Vomit virus drives punters to NHS Choices over Christmas
NHS Choices attracted 56% more users, many on their mobes
The Department of Health (DoH) has reported a 56 per cent increase in the number of people using NHS Choices in October to December 2011 compared to the same period last year.
According to the DoH, the health information website hosted 368,000 visits, 133,000 more visits a day than 2010.
During the Christmas period concerns about norovirus drove up visits to pages on the winter vomiting bug by 162 per cent compared to last year. Between 19 and 27 December 2011 there was an 117 per cent increase in traffic to these pages compared to the previous week.
Overall, between October to the end of December, there were 116,085 visits to the norovirus pages this year compared to 70,347 visits in 2010.
Visits to content on flu and colds on the site were down, with more people looking for information about the flu jab. The DoH said there has been a 91 per cent rise in hits on the "who should have it" page and a 73 per cent increase in visits to the "about the vaccine" page.
Winter visits to NHS Choices are now averaging just under 11 million a month compared to 6.8 million at the same time last year. Annually, there has been a 35 per cent increase in visits to the site.
The department believes there is a growing interest in people seeking health advice using mobile phone applications, demonstrated by increases of 43 per cent and 13 per cent respectively in downloads of NHS Choices' alcohol tracker and quit smoking mobile phone iPhone applications over the previous year. NHS Direct's app has been downloaded 1m times in the six months since its launch in May 2011.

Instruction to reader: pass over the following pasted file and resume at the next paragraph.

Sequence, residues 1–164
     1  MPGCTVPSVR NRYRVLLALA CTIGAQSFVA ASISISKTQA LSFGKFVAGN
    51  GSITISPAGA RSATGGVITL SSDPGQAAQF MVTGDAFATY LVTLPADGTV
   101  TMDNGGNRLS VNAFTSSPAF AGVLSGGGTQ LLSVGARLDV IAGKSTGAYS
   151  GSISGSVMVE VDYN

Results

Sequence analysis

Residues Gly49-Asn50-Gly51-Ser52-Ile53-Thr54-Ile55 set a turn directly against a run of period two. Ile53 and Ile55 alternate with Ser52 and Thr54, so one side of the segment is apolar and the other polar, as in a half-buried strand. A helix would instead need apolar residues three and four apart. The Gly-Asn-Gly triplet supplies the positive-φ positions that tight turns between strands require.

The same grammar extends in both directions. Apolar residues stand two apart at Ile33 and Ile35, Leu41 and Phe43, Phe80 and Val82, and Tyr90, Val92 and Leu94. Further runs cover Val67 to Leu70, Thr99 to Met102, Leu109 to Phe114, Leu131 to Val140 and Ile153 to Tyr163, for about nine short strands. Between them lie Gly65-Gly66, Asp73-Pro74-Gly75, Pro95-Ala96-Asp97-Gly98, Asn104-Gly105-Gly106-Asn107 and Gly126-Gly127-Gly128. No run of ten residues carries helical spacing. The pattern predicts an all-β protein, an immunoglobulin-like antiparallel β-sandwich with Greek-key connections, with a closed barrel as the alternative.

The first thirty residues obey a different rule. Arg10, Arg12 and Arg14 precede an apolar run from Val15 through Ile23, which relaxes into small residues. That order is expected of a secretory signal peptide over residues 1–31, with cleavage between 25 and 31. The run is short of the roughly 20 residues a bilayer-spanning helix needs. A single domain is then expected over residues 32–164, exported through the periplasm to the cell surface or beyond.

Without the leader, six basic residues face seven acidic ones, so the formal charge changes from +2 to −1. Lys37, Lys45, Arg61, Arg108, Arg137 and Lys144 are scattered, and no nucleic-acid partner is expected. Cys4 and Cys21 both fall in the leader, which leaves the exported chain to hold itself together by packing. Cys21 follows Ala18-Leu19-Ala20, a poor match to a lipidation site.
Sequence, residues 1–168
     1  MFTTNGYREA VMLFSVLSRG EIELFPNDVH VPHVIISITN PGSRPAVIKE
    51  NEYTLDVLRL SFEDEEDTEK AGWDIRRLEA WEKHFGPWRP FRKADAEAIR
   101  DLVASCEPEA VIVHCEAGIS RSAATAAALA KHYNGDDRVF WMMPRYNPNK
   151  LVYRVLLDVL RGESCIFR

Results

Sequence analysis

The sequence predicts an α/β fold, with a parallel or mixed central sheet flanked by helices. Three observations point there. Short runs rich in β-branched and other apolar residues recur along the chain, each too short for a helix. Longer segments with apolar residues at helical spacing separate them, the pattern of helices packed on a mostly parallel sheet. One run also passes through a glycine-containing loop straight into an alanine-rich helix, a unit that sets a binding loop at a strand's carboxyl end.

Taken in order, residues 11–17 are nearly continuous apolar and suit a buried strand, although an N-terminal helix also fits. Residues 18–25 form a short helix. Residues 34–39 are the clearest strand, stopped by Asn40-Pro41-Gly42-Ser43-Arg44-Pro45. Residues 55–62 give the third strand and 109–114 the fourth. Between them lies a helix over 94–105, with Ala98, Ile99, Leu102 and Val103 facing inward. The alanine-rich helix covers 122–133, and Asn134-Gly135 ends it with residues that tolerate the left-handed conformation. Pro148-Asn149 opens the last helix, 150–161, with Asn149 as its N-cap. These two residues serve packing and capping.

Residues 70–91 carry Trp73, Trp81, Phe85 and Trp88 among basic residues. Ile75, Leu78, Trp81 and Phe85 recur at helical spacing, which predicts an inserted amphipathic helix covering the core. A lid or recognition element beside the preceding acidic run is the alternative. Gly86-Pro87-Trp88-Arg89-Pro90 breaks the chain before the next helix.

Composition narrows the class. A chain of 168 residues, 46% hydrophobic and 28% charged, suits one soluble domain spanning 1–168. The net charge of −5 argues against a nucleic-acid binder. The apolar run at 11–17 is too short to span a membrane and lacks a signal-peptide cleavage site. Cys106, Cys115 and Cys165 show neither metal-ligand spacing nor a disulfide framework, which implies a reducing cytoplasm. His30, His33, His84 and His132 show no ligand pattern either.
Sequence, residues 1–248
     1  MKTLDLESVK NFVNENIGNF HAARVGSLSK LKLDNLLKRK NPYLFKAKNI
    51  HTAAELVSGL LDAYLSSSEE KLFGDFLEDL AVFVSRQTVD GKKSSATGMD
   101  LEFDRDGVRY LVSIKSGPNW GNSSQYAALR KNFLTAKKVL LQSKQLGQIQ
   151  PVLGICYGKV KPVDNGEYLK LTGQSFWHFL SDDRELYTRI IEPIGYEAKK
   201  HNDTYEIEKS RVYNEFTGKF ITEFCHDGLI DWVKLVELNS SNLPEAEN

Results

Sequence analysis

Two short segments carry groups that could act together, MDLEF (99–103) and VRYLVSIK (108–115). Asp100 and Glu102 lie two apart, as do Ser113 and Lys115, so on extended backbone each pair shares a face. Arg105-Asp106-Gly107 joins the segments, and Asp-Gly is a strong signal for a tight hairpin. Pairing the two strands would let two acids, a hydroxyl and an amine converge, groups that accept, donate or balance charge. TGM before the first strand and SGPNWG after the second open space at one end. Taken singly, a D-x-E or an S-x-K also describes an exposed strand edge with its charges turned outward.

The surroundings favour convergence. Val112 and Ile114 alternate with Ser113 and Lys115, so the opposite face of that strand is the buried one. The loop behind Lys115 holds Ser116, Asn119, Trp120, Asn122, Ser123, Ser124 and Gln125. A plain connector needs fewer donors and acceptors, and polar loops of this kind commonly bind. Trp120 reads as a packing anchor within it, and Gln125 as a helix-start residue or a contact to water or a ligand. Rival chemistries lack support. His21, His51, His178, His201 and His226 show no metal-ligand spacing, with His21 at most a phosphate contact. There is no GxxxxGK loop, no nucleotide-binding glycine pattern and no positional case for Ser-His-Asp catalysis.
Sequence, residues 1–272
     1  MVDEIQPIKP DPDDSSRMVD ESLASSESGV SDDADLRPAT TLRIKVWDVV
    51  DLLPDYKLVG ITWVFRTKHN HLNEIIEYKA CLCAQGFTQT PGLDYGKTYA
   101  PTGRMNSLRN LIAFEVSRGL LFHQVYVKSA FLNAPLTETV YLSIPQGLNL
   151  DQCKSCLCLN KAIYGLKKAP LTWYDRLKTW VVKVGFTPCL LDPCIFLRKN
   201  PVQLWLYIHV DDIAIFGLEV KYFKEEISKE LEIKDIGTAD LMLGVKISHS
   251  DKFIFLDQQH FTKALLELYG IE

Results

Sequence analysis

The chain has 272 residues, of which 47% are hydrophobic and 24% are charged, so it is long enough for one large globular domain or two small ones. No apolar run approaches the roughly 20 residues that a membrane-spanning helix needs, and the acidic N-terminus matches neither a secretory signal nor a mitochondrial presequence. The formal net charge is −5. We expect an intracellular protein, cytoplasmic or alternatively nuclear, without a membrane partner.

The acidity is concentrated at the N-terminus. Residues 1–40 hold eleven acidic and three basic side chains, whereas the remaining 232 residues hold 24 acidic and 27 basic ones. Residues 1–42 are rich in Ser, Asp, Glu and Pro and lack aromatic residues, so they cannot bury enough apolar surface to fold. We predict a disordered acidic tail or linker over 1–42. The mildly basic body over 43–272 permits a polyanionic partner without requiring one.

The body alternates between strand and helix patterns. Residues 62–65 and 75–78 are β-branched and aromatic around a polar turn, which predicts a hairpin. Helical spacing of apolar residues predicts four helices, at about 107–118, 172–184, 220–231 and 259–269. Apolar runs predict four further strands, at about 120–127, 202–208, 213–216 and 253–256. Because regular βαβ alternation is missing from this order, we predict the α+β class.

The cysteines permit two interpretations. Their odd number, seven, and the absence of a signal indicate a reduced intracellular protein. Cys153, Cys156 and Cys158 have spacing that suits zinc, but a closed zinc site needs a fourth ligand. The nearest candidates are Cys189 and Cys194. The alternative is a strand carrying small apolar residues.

Simon Burns, the health minister, said: "The internet is an increasingly popular source of health advice for millions of people, especially over the busy winter period.
"I am pleased that over 50 per cent more patients than this time last year are getting accurate, reliable online advice about how to best manage their symptoms to get them on the road to recovery as quickly as possible."
This article was originally published at Guardian Government Computing.
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